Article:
Eliminated from 99 percent of its historic range by mid-century, the only remaining indigenous wild breeding Trumpeter swan population in the contiguous United States today consists of a mostly non-migratory population in the Greater Yellowstone area of Idaho, Montana, and Wyoming (the "Tri-State" area). A.R. 5415, 5872, 5876; Am. Compl. ¶¶ 49, 53; Pls.' Mot. for Summ. J. at 6, 9. As of 2000, the Tri-State population consisted of an estimated 426-481 individual birds. A.R. 5607; 5701; Pls.' Mot. for Summ. J. at 9.
In part to protect Trumpeter swans from extinction, the Service began a winter feeding program for the Tri-State Trumpeter swan flock in the 1930s. Am. Compl. ¶ 61; Defs.' Mot. for Summ. J. at 8. Because the population does not migrate, and therefore is vulnerable to mass starvation during the severe Tri-State winters, concerns grew about the population's future existence. A.R. 4483, 5282, 5532; Am. Compl. ¶ 61; Pls.' Mot. for Summ. J. at 11-12. In 1992, after the severe winter of 1988-89 resulted in the starvation of more than 100 Trumpeter swans, the Service discontinued the feeding program. A.R. 810, 968, 5316-17; Am. Compl. ¶¶ 71, 72. To promote migration of the Tri-State flock to more suitable winter habitats, the Service began to disperse the swans through hazing and translocation programs. A.R. 5316-17; Am. Compl. ¶ 71.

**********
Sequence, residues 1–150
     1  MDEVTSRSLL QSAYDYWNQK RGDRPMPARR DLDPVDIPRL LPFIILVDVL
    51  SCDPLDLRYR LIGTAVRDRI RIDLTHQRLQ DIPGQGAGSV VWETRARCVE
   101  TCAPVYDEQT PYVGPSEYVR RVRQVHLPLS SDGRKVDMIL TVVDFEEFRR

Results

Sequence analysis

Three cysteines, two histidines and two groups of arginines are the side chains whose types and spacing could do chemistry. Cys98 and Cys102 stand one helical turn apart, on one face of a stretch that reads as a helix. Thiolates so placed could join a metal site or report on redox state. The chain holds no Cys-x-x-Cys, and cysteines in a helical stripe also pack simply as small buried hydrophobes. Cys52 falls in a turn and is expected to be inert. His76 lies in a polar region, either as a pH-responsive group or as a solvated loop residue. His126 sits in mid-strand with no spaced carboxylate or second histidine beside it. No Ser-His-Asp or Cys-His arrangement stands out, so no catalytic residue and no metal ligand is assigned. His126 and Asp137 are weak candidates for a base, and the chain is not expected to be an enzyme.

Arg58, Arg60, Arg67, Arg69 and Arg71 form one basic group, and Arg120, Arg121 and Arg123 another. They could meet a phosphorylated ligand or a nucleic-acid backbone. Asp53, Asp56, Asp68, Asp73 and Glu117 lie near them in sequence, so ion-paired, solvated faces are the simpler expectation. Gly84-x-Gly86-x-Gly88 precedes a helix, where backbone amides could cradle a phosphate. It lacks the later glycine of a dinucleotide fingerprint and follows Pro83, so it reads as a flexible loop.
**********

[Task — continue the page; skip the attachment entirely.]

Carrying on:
As the displaced Trumpeter swans migrated, however, they began moving into traditional Tundra swan hunting areas in Utah and other states. A.R. 801, 5596; Pls.' Mot. for Summ. J. at 13-14. Tundra swans (Cygnus columbianus) are a relatively abundant migratory swan species that is smaller than but closely resembles the Trumpeter swan. A.R. 377, 2649, 5258, 5596; Am. Compl. ¶ 50; Pls.' Mot. for Summ. J. at 13. As a result, some "pioneering" Trumpeter swans that began migrating were mistaken for Tundra swans and killed. A.R. 5897; Am. Compl. ¶¶ 51, 70; Pls.' Mot. for Summ. J. at 14-15.